Cedar Rapids, Iowa News, Sports, and Weather
WASHINGTON, Iowa- A police vehicle request going to the Washington City Council next week is likely to generate more than the usual amount of interest in the community. That's because Police Chief Greg Goodman is asking for an armored vehicle for his 11-officer department.
The armored vehicle in question is a "demilitarized" version of the Army's Mine Resistant Ambush Protected troop transport better known as an MRAP. Goodman said the vehicle in question is missing the weapons turret, other military hardware and electronics. Right now, it's sitting at an Army base in Texas and police in Washington could have it for free under the U.S. Defense Department's 1033 program which gives away surplus or leftover military equipment to law enforcement. The only cost to acquire the MRAP, which costs about $500,000 new, would be the cost to transport it from Texas back to Iowa. Goodman said the vehicle being offered to his department has fewer than 9,000 miles on it and never left the country on any military deployment.
"Do I think it will be used a lot. I don't," Chief Goodman said adding "but it only takes one time to make a huge difference."
Goodman said some in Washington who've heard about his request wonder if he's trying to militarize the department. He said "no" and hopes to convince skeptics police could use an armored vehicle for safely responding to special circumstances such as an active shooter in a building or a standoff situation with an armed person.
The chief said he actually saw the need in 2011 when Keokuk County Sgt. Eric Stein was shot and killed by a gunman while trying to serve a warrant. Goodman and others from his department responded to the call for help from that neighboring department.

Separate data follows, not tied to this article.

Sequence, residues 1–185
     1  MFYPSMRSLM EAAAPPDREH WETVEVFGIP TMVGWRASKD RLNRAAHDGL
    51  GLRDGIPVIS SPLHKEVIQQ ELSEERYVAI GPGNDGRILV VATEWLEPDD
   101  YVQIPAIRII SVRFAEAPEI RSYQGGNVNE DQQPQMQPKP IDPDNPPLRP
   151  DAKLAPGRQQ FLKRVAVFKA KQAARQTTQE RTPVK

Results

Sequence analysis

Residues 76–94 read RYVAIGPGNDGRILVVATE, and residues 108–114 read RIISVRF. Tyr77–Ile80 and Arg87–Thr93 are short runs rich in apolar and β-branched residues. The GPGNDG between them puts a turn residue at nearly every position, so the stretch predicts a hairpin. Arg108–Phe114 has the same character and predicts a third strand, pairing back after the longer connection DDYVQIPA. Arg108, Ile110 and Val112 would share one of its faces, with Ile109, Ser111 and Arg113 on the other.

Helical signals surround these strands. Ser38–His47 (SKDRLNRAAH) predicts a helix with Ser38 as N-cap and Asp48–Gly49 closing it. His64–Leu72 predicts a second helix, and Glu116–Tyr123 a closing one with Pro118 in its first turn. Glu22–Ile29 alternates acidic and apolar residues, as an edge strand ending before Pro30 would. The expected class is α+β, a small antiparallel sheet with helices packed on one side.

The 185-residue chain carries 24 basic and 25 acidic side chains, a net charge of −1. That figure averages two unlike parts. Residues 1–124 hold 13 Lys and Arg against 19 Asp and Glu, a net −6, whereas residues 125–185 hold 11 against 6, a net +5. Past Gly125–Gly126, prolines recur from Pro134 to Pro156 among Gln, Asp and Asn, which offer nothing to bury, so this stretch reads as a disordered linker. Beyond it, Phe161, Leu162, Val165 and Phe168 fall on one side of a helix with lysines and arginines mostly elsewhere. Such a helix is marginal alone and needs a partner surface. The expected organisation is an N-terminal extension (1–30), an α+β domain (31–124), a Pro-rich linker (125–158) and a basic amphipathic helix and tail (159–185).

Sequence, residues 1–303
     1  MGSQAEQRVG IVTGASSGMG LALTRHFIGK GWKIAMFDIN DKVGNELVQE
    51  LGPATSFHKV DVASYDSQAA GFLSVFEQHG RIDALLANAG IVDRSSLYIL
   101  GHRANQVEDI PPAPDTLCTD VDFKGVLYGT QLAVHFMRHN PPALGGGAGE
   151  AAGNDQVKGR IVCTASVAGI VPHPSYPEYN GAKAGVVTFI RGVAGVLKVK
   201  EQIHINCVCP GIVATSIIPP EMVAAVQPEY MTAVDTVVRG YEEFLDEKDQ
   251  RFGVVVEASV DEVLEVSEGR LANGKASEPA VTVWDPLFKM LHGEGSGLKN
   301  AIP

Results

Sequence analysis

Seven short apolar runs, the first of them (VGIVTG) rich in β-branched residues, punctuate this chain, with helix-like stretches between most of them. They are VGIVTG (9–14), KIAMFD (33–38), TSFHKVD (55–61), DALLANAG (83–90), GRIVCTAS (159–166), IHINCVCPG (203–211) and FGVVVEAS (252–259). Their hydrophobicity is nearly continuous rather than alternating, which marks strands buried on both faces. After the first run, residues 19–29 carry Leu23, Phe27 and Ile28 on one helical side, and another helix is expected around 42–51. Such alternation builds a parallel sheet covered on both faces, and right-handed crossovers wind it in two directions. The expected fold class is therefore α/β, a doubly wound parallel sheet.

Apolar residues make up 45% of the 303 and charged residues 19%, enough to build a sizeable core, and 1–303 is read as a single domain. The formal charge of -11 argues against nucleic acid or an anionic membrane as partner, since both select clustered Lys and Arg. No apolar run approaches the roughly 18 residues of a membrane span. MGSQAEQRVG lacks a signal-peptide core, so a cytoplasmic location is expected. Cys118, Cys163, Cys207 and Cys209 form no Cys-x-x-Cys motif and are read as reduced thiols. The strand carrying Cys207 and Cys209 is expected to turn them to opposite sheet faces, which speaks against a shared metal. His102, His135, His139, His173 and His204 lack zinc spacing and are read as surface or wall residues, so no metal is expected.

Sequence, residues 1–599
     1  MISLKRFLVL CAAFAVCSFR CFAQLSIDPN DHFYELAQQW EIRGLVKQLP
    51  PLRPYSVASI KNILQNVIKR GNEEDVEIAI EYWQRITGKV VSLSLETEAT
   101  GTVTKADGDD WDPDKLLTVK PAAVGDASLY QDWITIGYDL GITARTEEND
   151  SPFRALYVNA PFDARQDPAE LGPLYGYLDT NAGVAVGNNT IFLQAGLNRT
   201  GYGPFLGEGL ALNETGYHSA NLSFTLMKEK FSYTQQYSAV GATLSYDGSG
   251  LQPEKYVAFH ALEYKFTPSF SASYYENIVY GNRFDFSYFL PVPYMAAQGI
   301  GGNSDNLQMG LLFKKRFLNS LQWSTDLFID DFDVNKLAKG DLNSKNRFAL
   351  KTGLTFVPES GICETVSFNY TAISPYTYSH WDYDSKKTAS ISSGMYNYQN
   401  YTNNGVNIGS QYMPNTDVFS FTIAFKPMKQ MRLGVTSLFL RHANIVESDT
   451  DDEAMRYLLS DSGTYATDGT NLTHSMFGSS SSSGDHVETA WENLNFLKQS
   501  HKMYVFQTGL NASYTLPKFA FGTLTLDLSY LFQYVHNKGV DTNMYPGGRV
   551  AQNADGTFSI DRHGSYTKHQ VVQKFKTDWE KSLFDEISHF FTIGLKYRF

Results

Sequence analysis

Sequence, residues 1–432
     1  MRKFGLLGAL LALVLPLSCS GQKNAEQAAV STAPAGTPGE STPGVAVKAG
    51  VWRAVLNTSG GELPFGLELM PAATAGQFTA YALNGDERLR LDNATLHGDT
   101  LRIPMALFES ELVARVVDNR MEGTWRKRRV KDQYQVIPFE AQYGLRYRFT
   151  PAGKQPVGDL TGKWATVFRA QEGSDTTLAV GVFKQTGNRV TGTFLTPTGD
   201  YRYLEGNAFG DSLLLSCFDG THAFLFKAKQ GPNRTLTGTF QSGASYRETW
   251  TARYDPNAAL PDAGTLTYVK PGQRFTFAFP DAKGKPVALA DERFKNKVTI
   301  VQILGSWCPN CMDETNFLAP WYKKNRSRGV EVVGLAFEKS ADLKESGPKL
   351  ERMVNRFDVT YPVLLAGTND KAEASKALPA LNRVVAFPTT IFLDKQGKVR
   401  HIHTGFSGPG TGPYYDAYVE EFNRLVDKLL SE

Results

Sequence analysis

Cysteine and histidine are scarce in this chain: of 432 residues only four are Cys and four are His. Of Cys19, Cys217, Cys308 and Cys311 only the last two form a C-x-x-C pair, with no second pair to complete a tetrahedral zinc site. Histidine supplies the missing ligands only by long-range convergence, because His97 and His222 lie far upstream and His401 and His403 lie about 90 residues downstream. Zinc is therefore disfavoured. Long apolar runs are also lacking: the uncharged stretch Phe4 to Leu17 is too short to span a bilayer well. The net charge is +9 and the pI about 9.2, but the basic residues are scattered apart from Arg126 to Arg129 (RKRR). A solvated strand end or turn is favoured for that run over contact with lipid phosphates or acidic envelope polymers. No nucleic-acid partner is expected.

He believes the use of a protected vehicle in that case might have allowed police to approach the home in safety from gunfire and use non-lethal means, such as tear gas, to subdue the shooter.
Sandra Johnson, Washington mayor, said the idea of an armored vehicle for police might sound a little extreme. But she believes the chief has made a case considering it would cost the city very little to obtain the surplus vehicle.
"The deer slugs that killed the officer in Keokuk County would pierce the vehicle of any of our law enforcement districts. That's all they've got," the mayor said.
Mayor Johnson said, armor aside, the vehicle with all the military hardware removed is really just a big truck. She believes city mechanics who work on large vehicles could handle any maintenance. The mayor believes the armored vehicle, which gets about five miles to the gallon of fuel, would only cost a few thousand dollars a year to operate because it would not get a lot of use.
But council member Bob Shellmyer, who's a definite "no" vote on the police request, scoffs at both the plan and the estimated ongoing expense for the city.
"They're approaching it with the sense that it's free. I'm in my third year on the council and the police department has never stayed within their budget," Shellmyer said.
The mayor said if the city does obtain the armored vehicle it's possible other departments within a several county region might be willing to share some of the costs. Mutual Aid agreements already exist for one department to assist another. But the mayor says it's possible departments might be willing to contribute on an ongoing basis for more use of the vehicle such as training.
Chief Goodman said he put his department on a request list for an surplus armored vehicle several years ago. If Washington doesn't accept the offer soon, then the military might skip to the next department on the request list.
The chief also said Buena Vista County in northern Iowa received a similar armored vehicle for police about eight months ago. It's been used twice in that time and in one instance a man in a standoff with police then surrendered peacefully as soon as the vehicle approached.
The Washington City Council is set to vote on the chief's request Tuesday, March 4th. The city council meeting begins at 6:00 p.m.